Often, the clinical and financial sides of a medical practice or healthcare facility work independently of each other, without fully understanding how the other side operates. Whereas clinical teams are responsible for delivering optimal patient care, the financial team is responsible for efficient, cost-effective operations, billing, and cash flow management to ensure continued patient care and staff support. Both teams are critical to the optimal function and patient care delivery within a medical facility. Regular audits are essential to the health of these teams and the facility, but what exactly does that mean?
What is a medical billing audit?
Unlike a clinical audit, which examines the medical procedures and practices that medical personnel provide for the purposes of preventing, diagnosing, and treating medical conditions, and determines whether that treatment was necessary and in accordance with medical standards, a medical billing audit is a systematic evaluation of healthcare administrative practices, including coding and billing processes. A complete medical billing audit can uncover inefficiencies, compliance risks, and opportunities to improve cash flow.
A medical billing audit looks closely at the efficiency of processes and practices. It checks the accuracy, reliability, and compliance of documentation and coding practices, and it identifies opportunities to regain lost revenue.
Did you know a medical billing audit can be either internal or external? An internal audit is performed by personnel within the organization and should be scheduled routinely to ensure the practice is operating efficiently and according with federal and state compliance regulations. It will also prepare the practice for an external audit, which is conducted by an objective third-party individual or organization.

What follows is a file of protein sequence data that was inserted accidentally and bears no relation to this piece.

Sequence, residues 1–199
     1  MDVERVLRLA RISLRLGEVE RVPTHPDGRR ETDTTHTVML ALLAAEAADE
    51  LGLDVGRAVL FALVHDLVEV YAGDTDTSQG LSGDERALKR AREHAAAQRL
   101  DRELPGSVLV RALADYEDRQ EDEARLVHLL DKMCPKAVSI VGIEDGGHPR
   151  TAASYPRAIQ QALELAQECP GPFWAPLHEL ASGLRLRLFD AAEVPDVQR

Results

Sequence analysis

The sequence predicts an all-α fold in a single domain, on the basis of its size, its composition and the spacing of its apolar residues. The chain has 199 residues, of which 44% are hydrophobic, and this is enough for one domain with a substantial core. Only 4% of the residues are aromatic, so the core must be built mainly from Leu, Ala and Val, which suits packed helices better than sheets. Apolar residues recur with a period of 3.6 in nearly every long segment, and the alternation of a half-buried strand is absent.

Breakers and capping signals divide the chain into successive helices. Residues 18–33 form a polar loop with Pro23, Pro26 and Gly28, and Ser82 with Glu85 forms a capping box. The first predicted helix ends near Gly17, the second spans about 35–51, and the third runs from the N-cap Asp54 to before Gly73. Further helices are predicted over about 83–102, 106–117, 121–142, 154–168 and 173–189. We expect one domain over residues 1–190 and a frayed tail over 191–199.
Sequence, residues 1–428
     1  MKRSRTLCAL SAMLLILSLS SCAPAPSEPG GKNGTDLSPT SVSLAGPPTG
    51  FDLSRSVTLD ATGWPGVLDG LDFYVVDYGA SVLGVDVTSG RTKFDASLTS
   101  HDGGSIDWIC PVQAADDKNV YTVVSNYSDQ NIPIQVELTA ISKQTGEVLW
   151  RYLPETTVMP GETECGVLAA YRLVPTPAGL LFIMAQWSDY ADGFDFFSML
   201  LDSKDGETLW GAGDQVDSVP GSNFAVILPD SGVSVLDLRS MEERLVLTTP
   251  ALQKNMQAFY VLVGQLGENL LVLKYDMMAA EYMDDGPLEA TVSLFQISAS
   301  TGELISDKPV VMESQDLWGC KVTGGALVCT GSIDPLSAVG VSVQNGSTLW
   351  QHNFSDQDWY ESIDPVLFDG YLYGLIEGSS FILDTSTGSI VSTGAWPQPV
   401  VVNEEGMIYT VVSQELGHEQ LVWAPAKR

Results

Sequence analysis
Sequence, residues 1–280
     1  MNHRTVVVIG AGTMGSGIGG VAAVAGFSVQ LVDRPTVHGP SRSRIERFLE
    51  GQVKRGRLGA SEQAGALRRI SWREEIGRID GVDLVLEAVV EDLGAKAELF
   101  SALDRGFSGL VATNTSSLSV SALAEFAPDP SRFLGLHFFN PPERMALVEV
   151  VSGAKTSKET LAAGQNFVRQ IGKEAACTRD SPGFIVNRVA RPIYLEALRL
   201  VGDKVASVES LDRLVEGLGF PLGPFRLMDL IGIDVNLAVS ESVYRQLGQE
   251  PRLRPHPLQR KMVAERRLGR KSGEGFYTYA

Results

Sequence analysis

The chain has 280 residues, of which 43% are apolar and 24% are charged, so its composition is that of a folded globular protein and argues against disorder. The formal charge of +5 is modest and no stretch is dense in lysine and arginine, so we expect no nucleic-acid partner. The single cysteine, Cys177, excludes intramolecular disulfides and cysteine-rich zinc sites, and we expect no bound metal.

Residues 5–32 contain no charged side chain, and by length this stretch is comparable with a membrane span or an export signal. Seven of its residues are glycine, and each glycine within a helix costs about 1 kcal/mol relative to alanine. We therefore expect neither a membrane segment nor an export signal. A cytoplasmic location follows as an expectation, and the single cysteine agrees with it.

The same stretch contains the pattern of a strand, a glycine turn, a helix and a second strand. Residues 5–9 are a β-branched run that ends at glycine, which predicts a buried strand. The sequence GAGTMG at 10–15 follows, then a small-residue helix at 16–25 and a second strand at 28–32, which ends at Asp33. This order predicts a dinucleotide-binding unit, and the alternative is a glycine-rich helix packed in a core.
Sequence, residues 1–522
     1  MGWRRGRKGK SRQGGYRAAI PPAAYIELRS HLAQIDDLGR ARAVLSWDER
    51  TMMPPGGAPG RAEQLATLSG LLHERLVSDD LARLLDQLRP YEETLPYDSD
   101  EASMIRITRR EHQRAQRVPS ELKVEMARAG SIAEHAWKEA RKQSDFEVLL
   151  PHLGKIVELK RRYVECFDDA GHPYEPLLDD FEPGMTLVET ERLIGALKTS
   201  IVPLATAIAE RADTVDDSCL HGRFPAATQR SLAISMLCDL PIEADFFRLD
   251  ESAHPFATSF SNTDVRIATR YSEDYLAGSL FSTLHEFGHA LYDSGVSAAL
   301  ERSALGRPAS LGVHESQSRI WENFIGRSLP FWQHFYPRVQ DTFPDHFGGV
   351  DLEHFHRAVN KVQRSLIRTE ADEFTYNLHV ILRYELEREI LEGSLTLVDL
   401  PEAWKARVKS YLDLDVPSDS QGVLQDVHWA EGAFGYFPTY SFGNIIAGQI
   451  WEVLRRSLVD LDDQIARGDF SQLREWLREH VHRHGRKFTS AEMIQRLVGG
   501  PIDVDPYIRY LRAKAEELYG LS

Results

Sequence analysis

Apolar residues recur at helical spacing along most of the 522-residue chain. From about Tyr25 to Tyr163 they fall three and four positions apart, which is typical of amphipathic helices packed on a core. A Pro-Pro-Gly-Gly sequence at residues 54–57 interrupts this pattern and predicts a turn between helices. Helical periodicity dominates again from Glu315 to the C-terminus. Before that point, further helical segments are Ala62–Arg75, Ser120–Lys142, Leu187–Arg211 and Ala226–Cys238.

Benefits of a medical billing audit
A medical billing audit provides critical insights into the financial and operational health of the facility. For example, a medical billing audit will help your team:
- Uncover inefficient processes or poor practices to help boost your bottom line
- Identify and reduce coding errors and costly claim denials
- Proactively identify and fix errors before federal contractors request documents and discover deviations from national averages
- Protect the facility against false claims of liability
- Avoid costly fees and penalties, especially if services are provided through Medicare
- Improve the overall patient experience.
Getting the most from a medical billing audit
It’s important to have a regular schedule for audits so you can recognize and address any problems before they become critical. To do so, first establish the scope of the medical billing audit and any personnel resources needed. Prioritize high-risk or problematic areas, and be sure to do your research to understand the laws and regulations that apply to the areas being audited. You'll want to establish benchmarks and compare performance with past audits to find any irregularities or persistent problem areas. Most importantly, do something with your results. Communicate with staff about areas of concern and inefficiencies, and share a plan for taking corrective action.
Although the term “audit” often carries a negative connotation and can cause anxiety and apprehension among your staff, the process and results are well worth the effort. Reassure the team the audit is not being done to punish anyone; rather, it’s intended to help the entire practice enahnce patient care, eliminate inefficiencies, and improve the bottom line.
To learn more about medical billing audits and key ways to improve your revenue cycle billing processes, visit us at TruBridge.